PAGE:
The U.S. Women’s National Team is a group that tends to have the spotlight fixed upon them, especially when it comes to Olympic soccer. It’s only natural, given the team’s successes. With three straight gold medals and four of the first five, the USWNT has proven dominant since the women’s game was added to the Summer slate in 1996, but with a mix of old and new faces, the 2016 tournament run presents a new series of challenges.
When assessing the USWNT roster, it’s easy to see the stars. Carli Lloyd, Hope Solo and Alex Morgan return to lead the way, veterans who have each been a part of multiple tournament titles throughout their illustrious careers. But gone are stars like Abby Wambach and Christie Rampone, players who carried the torch for years as the USWNT enjoyed an era of dominance.
It’s too soon to say anything has truly changed. Since last year’s Women’s World Cup title, the dominance has continued. And now, heading into this summer’s major tournament, the pressure is on the USWNT squad once again, starting with Wednesday’s tournament-opening clash with New Zealand. Matches against strong French and Colombian teams soon follow, and while the USWNT is certainly seen as favorites once again, the talent level that stands in their way will provide a significant test.
“I think we’re always feeling the pressure of performing, of coming back with gold,” Lloyd said. “It’s just in our DNA. I think, even if we hadn’t won the World Cup, we’d still be under tremendous pressure to win. It just comes with the territory. It comes with being the No.1 team in the world and going for a fourth consecutive gold medal. It’s all part of it. I’m super excited to get started. This team has a lot of talent and depth and we have an opportunity to really create history.”
“I think that we have become used to it. We go into most tournaments expecting that of ourselves,” added defender Kelley O’Hara. “Not only does the outside world expect us to win, but that’s our expectation. Every time we go into a tournament or a game, whether it’s a friendly or in tournament play, we want to win. It’s just the status quo.”
While the Wambachs and Rampones of the world will not lead the USWNT into Rio, several young faces will begin to forge their USWNT legacy at their first Olympic tournament. With it, they’ll bring something the USWNT hasn’t featured for quite sometime: an infusion of youth and pace that could give teams fits in the warm climes of Brazil.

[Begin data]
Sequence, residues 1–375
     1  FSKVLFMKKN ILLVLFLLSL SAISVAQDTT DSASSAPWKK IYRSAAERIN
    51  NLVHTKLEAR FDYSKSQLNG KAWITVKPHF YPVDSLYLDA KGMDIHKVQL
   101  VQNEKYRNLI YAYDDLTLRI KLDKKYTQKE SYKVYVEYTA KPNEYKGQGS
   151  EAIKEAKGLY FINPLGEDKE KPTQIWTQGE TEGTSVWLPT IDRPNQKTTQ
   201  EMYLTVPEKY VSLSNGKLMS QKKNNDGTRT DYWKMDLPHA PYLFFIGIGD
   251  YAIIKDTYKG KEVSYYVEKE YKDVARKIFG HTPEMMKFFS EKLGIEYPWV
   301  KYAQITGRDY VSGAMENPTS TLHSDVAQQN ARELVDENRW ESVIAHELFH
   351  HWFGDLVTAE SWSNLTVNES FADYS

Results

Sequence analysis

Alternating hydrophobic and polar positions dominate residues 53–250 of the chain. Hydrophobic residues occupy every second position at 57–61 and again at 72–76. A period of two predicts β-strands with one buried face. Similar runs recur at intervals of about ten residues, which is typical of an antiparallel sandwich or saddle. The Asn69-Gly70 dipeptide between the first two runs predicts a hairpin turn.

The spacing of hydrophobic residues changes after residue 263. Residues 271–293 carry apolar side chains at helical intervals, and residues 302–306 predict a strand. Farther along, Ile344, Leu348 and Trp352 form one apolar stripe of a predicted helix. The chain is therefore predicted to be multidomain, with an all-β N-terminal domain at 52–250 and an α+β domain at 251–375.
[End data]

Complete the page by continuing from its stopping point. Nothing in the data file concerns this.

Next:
Of the 18-player roster, the USWNT sees 11 players bound for their first Olympics, making the upcoming tournament a new experience for many of those involved. While seven of those newcomers won the Women’s World Cup last summer, the Olympics present a whole new aura given the magnitude of the event as a whole. From the opening ceremony to hustle and bustle of Rio, the USWNT will have most of its roster experience the Olympics for the very first time.
Meanwhile, Allie Long, Lindsey Horan, Crystal Dunn and Mallory Pugh enter as major tournament newcomers. At just 18-years-old, Pugh is the second youngest Olympian in USWNT history, while Long has earned just nine caps entering this summer’s competition.
Up top, Pugh and Dunn join veterans Alex Morgan and Christen Press to create the team’s forward group. Sydney Leroux and Amy Rodriguez are both sitting out the upcoming games as they look to start a family, paving the way for new faces to emerge to lead the forward line.
“We’ve had some gigantic losses, some players that have been around the game for quite some time. They’re irreplaceable really, but we have a new team,” Solo said. “We will never have the same players that we had previously at the World Cup, but we have something different. I don’t think anyone has seen the U.S. team as we are now. It’s different. Nobody knows what to expect from the younger players, our new talent, our formation, how the new players play well together. It’s exciting because we’ve never seen an American team play this style of soccer.”
However, make no mistake, the USWNT will rely on the team’s biggest stars. Lloyd remains arguably the world’s best player, while Solo is still counted among the best in goal. A defense featuring Becky Sauerbrunn and Julie Johnston will always be rock-solid.
Meanwhile, Megan Rapinoe is waiting in the wings, battling back from an ACL tear that nearly robbed her of another Olympic appearance. Rapinoe may not be a 90-minute player at any point in the tournament, but head coach Jill Ellis could certainly use her creativity on the ball sporadically throughout the tournament.
With that being said, even without Rapinoe, the USWNT is filled with big-game players, players that have played under pressure before and, ultimately, emerged victorious. The Olympics provide a new test, but one that could see the USWNT create further history should they stand tall once again.
“I think that we as a team acknowledge the pressure,” Solo said. “We know that the target is on our backs. We’ve been No.1 for quite some time. We won last year’s World Cup, we won the last Olympics. It doesn’t make it easy. We don’t come into any tournament with an extreme amount of confidence or arrogance. We know that the job is going to be very difficult to repeat a gold medal. We know that the host country has an incredible team. We have to get through Germany, we have to get through France. I think the way we deal with the pressure is knowing that it’s not going to be an easy tournament. ”
“I think you create your own luck. I don’t think there’s luck. It’s called preparation, being prepared,” Lloyd added. “It’s focusing and being in the right mindset, but there’s nothing better than showing up big in the big moments. This is what it’s all about. We spent four years waiting for this moment and here we are. We hopefully have six games in a span of sixteen games and we’re ready to go after it. You don’t just have luck; you create your own luck.